Category Archives: Recipe

Sweet and Sour German Cabbage Grandma Would Love

My grandmother loved sweet and sour dishes. I’ve never been able to pull off a duplicate of her really delicious sweet and sour dandelion greens. Despite her almost all British Isles background, in northern Ohio where she lived, Germans immigrants have influenced the foods we ate for centuries, like this German cabbage.

My German cookbook does have a slew (or slaw?) of German cabbage recipes,among them this recipe for sweet and sour cabbage.  Not very photogenic, but you don’t want to waste time taking pictures when you could be eating, now do you?

German cabbage with raisins

German cabbage,  sweet and sour cabbage with raisins

I found this recipe because I bought a pretty little Savoy cabbage at the Farmer’s Market.  Savoy is the one with the ruffled leaves that curl out away from the main ball of the cabbage like an Elizabethan collar. It has a milder flavor, so is an easier sale with non-cabbage people.

The recipe is from the German cookbook that I keep on my Kindle. You can see a bit about The German Cookbook by Mimi Sheraton on my Cookbooks Page.  I just prop the Kindle up on the counter as I would a recipe card. Very handy.

So I spotted a recipe for Savoy cabbage in brown sauce that looked pretty good, but a few pages farther on, I saw an adaptation of that recipe that made a sweet and sour German cabbage dish.  I followed the recipe except for swapping vinegar for the called-for lemon juice.  Lemon would be delicious, but somehow I can’t picture German–or northern Ohio cooks having a lot of lemons around in the winter time when they were using up their cabbage. Likewise with the called-for white raisins. I used currants.

My husband turned up his nose when he heard I was making German cabbage for dinner, but lo and behold, he took one bite and pronounced it good!  Hope yours will be as successful.

German Sweet and Sour Cabbage

Prep time 10 minutes
Cook time 30 minutes
Total time 40 minutes
Allergy Wheat
Dietary Vegan
Meal type Side Dish
Misc Serve Hot
Region German
From book The German Cookbook by Mimi Sheraton
A favorite flavor for German recipes--sweet and sour--with a favorite German vegetable--cabbage.

Ingredients

  • 1 head of savoy cabbage
  • salt
  • 1 onion (minced)
  • 3 tablespoons butter
  • 4 tablespoons flour
  • 2 cups vegetable stock (Cooking liquid from the cabbage--see directions)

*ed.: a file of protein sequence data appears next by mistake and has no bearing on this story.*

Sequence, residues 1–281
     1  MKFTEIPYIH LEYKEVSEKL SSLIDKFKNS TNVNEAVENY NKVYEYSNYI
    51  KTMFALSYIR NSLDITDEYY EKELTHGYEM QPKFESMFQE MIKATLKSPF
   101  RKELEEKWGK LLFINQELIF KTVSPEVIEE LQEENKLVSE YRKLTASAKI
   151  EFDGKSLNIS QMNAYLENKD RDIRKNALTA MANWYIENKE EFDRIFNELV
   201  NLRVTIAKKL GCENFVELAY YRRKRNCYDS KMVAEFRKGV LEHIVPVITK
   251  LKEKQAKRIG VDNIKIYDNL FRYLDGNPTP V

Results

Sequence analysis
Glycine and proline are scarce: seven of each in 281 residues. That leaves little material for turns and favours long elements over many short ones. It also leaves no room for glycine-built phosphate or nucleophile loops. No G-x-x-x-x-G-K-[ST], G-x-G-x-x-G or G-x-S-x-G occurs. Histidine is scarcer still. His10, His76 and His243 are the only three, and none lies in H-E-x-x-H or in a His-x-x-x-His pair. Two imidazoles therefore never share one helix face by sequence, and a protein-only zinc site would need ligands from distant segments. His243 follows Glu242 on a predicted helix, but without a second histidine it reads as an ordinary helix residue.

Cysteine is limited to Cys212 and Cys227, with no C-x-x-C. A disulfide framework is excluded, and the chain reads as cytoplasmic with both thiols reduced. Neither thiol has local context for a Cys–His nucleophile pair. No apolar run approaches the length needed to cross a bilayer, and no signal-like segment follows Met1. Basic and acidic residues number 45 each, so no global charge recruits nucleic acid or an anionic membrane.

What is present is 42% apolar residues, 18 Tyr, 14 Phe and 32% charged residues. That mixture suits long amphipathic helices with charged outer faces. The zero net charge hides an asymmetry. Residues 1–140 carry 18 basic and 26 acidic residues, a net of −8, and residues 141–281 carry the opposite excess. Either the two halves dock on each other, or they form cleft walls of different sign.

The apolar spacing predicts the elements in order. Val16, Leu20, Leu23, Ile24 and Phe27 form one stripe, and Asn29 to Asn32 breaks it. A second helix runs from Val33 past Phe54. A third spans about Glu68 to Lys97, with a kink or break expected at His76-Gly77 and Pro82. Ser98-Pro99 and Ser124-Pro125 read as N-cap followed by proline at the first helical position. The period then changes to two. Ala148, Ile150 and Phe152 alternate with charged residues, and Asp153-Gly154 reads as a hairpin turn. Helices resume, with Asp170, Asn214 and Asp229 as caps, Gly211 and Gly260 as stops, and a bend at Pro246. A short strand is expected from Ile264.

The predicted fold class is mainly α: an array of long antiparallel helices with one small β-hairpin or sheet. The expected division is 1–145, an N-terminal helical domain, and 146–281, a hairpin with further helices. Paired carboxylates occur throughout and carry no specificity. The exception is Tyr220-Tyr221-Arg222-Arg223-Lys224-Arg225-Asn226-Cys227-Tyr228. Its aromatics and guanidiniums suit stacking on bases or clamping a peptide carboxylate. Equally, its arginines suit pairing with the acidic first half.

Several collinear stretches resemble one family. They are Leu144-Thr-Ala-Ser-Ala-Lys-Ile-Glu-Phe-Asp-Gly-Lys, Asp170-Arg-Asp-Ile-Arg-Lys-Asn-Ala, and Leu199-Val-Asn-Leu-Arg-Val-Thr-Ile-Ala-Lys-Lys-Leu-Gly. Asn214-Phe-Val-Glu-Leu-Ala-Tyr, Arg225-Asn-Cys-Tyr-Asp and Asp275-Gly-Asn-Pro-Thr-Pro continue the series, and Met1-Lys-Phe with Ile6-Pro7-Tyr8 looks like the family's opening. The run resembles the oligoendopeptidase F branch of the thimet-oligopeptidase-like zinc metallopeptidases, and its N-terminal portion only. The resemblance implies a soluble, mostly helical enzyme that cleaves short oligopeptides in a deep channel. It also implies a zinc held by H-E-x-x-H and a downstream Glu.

• 2 tablespoons apple cider vinegar
  • 2 tablespoons brown sugar
  • 1 pinch cloves
  • 1/2 cup currants (Or use raisins. Original recipe calls for white(golden) raisins.)
  • salt and pepper (to taste)

Directions

1. Cut cabbage in quarters, and remove tough outer leaves, hard core and any tough stems.
2. Bring to boil 4 cups water with a little salt, add cabbage and any loose leaves, reduce to fast simmer and cook for ten minutes.
3. Remove cabbage from pot and drain, reserving liquid.
4. Chop by hand or in food processor and drain again. Set aside
5. Melt butter in two-quart pan. Add onion and saute, stirring until onion turns brown.
6. Sprinkle in flour and continue stiring and sauteing until flour becomes a rich brown. Keep the heat low so it will not burn.
7. Stir in the two cups of cooking liquid from the cabbage and stir with whisk to keep it smooth as it thickens slightly.
8. Add vinegar, brown sugar, and cloves and simmer five minutes, stirring frequently.
9. Add cabbage back to pan, stir in raisins or currants and stir to combine with sauce and continue cooking slowly for ten more minutes. Taste and add more sugar or vinegar or salt or pepper if you wish.
10. Serve with sausage or a salty ham. Roasted potatoes would make a good side dish and applesauce or cooked apples are also good as a side with cabbage.

Note

As usual, I eliminated the onion in this recipe and thought that it was plenty tasty.
The sauce will not be thick, but smooth and satiny
Although I used the milder Savoy cabbage, the sauce will match up with any variety of cabbage.
I used the time when the cabbage was cooking to measure each ingredient for the sauce into small dishes, so everything was ready. Once you start cooking the sauce, you need to pay attention to it, so it does not clump or stick to the bottom of the pan.

 

Disclaimer: The book cover illustration is linked to Amazon for your convenience. You need to know that I am an Amazon affiliate, which means if you use my links and buy something, I get a few pennies to help support this site. Thanks.

Oatmeal Pie: Oats, Coconut, Maple Syrup

Oatmeal Pie

Oatmeal Pie piece with whipped cream

I’m an advocate for pie for breakfast at all times, but who could find fault with eating oatmeal with maple syrup in the form of pie?

Frugal and tasty, “Oatmeal Pie” demonstrates the make-do attitude of our ancestors in aprons.  As I frequently do, I turned to the Sonnenberg Mennonite Church Centennial cookbook for some vintage takes on this poor man’s pecan pie. After also consulting some web sites, I was prepared to try a variation on the Mennonite cookbook recipe that most appealed to me.

Mennonite

Sonnenberg Mennonite Church Centennial Cook Book